U.S. Rep. Alexandria Ocasio-Cortez, D-N.Y., is calling for the elimination of the Electoral College, describing it a racist “scam” that undermines the votes of minorities.
“Due to severe racial disparities in certain states, the Electoral College effectively weighs white voters over voters of color, as opposed to a ‘one person, one vote’ system where all our votes are counted equally,” she claims in an Instagram story Monday that included her driving along a deserted highway and quipping, “many votes here, as you can see,” the Hill reported.
She pushed rejects the argument that eliminating the Electoral College would give big states too much power.
“Could you image if we had this kind democracy-altering ‘fairness’ provision for literally any other group?” she asks. “If we weighed, for example, black and indigenous voters more because of unfairness?”
She argues that the votes of the many Republicans who live in Democratic-leaning states would count equally in a popular vote.
“Facts are facts America,” Ocasio-Cortez concludes. “The Electoral College has to go.”
Several Democratic-leaning states have joined a National Popular Vote compact in which members would allocate their Electoral College vote to the candidate that gains the most votes nationally.
The compact cannot be implemented until the coalition includes states that accumulate at least 270 electoral votes. Sixteen states have joined, but two states backed out, WND reported, and now voters in Colorado will be asked if they want to quit the compact.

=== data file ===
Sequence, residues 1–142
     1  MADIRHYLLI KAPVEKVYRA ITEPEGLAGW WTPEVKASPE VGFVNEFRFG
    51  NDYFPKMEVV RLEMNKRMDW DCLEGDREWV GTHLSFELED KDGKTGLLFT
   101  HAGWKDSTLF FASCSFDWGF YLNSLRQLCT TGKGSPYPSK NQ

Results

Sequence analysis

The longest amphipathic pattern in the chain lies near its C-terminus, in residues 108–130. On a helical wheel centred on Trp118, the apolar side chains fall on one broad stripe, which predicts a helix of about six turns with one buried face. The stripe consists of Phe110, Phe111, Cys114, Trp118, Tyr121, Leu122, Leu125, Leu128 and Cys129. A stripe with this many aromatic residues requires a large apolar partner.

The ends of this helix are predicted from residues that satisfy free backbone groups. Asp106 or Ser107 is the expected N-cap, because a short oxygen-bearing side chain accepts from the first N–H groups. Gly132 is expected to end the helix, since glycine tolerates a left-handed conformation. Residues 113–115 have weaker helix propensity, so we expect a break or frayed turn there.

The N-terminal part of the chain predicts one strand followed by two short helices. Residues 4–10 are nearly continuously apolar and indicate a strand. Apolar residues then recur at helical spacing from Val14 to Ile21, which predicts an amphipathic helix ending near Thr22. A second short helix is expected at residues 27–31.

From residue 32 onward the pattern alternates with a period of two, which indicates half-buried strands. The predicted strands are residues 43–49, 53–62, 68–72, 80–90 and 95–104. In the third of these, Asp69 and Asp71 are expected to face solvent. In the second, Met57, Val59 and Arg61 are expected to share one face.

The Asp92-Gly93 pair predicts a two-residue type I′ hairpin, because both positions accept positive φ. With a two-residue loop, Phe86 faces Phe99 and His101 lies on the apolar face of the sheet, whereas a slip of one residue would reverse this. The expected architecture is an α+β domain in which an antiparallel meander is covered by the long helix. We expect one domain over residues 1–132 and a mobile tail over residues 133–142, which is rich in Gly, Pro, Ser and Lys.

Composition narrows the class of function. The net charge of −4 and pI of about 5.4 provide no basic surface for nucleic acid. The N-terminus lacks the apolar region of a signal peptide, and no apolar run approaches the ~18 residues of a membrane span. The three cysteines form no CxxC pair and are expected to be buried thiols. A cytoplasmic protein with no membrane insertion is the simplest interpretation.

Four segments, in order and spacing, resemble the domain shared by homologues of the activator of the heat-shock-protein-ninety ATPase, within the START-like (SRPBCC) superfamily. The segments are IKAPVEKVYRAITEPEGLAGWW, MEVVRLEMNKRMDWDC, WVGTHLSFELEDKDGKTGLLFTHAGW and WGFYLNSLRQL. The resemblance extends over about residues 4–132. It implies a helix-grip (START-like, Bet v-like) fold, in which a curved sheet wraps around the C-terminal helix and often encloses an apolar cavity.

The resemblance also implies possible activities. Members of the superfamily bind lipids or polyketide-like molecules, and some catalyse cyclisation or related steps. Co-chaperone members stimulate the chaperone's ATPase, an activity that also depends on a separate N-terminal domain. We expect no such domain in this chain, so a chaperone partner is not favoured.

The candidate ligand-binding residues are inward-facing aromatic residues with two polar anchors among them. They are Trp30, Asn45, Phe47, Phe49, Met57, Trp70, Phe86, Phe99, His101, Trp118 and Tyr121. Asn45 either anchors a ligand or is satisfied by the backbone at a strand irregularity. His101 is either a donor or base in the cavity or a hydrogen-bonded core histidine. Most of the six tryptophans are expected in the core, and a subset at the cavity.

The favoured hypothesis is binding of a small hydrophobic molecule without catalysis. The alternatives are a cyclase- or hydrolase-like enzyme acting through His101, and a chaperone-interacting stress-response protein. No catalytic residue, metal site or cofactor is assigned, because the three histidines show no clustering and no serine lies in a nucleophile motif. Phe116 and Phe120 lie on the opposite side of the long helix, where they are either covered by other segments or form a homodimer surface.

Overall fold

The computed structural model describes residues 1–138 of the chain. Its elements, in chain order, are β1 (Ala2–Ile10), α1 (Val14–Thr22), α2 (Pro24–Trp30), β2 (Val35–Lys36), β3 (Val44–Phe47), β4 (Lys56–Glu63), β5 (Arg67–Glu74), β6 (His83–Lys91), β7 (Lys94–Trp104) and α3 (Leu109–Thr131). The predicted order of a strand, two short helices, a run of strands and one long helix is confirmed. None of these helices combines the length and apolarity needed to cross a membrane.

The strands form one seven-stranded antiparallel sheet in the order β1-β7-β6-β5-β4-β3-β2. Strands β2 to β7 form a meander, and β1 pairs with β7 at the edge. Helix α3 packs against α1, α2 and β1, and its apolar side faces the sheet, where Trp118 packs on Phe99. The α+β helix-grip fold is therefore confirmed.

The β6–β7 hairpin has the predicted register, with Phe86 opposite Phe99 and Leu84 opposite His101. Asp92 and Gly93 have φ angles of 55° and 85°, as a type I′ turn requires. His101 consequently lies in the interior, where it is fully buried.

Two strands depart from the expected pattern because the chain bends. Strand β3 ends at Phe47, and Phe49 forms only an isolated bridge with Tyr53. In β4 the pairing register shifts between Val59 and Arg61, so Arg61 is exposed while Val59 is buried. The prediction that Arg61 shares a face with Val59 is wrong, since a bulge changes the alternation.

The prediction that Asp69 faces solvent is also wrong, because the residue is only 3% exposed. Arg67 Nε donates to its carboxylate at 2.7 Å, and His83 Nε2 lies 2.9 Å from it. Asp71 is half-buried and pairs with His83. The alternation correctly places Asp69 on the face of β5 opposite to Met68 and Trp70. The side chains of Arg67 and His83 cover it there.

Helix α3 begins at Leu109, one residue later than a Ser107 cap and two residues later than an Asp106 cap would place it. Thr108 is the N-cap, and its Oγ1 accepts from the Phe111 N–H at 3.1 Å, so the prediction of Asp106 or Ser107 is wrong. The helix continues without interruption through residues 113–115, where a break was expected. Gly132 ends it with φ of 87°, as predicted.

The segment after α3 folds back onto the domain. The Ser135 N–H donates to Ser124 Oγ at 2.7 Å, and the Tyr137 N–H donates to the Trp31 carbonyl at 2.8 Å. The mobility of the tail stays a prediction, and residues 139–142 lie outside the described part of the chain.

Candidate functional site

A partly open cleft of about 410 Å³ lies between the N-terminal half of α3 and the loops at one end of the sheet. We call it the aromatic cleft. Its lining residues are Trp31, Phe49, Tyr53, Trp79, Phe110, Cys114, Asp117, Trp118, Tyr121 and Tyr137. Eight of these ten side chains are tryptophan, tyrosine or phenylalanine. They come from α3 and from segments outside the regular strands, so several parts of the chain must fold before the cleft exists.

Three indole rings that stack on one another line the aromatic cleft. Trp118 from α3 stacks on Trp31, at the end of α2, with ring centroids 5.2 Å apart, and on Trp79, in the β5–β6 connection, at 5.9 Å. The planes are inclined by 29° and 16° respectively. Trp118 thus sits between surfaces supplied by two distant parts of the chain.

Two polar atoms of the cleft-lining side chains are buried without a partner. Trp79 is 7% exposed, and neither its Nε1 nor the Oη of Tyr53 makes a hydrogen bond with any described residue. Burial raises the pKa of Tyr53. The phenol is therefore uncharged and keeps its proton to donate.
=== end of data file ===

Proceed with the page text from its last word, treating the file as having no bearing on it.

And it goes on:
Among the 2020 Democratic presidential candidates who support abolishing the Electoral College are Sen. Elizabeth Warren, D-Mass., and South Bend, Indiana, Mayor Pete Buttigieg.
Proponents of eliminating the Electoral College – who include Hillary Clinton – point out that Clinton lost the presidential election in 2016 despite winning nearly 3 million more votes than Donald Trump nationally. However, neither campaign based its strategy on the national popular vote. Further, the margin in California alone accounts for Clinton’s “victory” in the national popular vote.
Defenders of the Electoral College point out that a pure national vote would make smaller states irrelevant, with campaigns focusing their energies on major population centers.
Heritage Foundations legal expert Hans von Spakovsky explained in a paper on the Electoral College that the Founders “struggled to satisfy each state’s demand for greater representation while attempting to balance popular sovereignty against the risk posed to the minority from majoritarian rule.”
In Federalist 68, Alexander Hamilton argued that while the people should have considerable power to choose the president, it’s “desirable” that “the immediate election should be made by men most capable of analyzing the qualities adapted to the station, and acting under circumstances favorable to deliberation, and to a judicious combination of all the reasons and inducements which were proper to govern their choice.”
Jarrett Stepman pointed out in the Heritage Foundation’s Daily Signal that states are free to select the method in which they choose their electors.
In the early days of the republic, most states chose to have their legislatures pick electors, rather than the people.
By the time of the Civil War, every state had shifted to the popular election method.
The National Popular Vote argues the current system encourages presidential candidates to spend most of their time in “swing states” rather than campaigning for votes across the entire country.
Von Spakovsky contests that assumption, because swing states “can change from election to election, and many states that are today considered to be reliably ‘blue’ or ‘red’ in the presidential race were recently unpredictable.”